Over two days of meetings at the Organisation for Economic Co-operation and Development (OECD) in Paris, agriculture ministers and representatives from about 50 countries agreed to redouble their efforts and implement better practices to feed the growing world population, fight climate change, and ensure that farmers and workers can make a successful living from agricultural production.

The meeting was co-chaired by Canada’s minister of agriculture and agri-food, Marie-Claude Bibeau and her New Zealand counterpart, Damien O'Connor. This role acknowledged the leadership of Canada's producers in sustainable development and ensuring global food security.

Although the challenges faced by the sector are similar around the world, each country adopts different approaches to meet their needs. The meeting allowed the ministers to discuss best practices, and to reaffirm the importance of collaboration to encourage growth in the sector.

With this in mind, the participating countries asked the OECD, an organization whose mission it is to collect and analyze evidence-based data, to explore actions that would allow a better comparison of how each country is evolving their policies and sustainable development.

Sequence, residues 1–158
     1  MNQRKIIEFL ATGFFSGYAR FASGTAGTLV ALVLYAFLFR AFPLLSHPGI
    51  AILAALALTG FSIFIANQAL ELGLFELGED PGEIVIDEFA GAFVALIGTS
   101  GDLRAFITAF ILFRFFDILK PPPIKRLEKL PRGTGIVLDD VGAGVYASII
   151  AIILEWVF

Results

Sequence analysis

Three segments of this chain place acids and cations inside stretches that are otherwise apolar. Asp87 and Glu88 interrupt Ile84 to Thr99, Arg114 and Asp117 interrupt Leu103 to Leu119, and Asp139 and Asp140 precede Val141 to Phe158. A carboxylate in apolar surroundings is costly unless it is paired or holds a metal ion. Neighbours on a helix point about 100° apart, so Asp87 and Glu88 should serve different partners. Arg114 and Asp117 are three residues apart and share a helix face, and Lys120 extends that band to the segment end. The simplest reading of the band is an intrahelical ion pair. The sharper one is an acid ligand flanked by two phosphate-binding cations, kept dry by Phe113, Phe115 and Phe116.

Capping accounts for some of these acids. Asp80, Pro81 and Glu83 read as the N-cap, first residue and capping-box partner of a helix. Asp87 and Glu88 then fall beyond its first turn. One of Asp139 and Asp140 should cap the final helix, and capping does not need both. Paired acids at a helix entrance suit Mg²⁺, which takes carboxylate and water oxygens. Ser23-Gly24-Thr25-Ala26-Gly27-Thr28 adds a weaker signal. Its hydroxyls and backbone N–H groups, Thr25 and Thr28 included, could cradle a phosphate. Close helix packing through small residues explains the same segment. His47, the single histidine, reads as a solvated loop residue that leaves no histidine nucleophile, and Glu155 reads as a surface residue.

To conclude the meeting, Ministers Bibeau and O'Connor released a joint statement noting the productivity of discussions.

Participating OECD nations established a shared vision and goals for the agricultural sector through a Declaration on Transformative Solutions for Sustainable Agriculture and Food Systems.

Quick Facts

  • The OECD is an international organization that works with governments, policymakers and citizens to establish evidence-based international standards and find solutions to a range of social, economic and environmental challenges.
  • The OECD Meeting of Agriculture Ministers, held every five to six years, brought together more than 50 Ministers of Agriculture from around the world to explore opportunities and discuss solutions to shared challenges in the agriculture and food sector.
  • As outlined in the 2030 Emissions Reduction Plan, Canada has committed to reducing greenhouse gas emissions by 40-45 per cent from 2005 levels by 2030, putting Canada on a path to reach net-zero emissions by 2050.
  • Over the past two decades, farmers have roughly doubled the value of production while stabilizing greenhouse gas emissions. As a result, the amount of agricultural emissions per dollar of GDP generated by the sector has dropped by about half.

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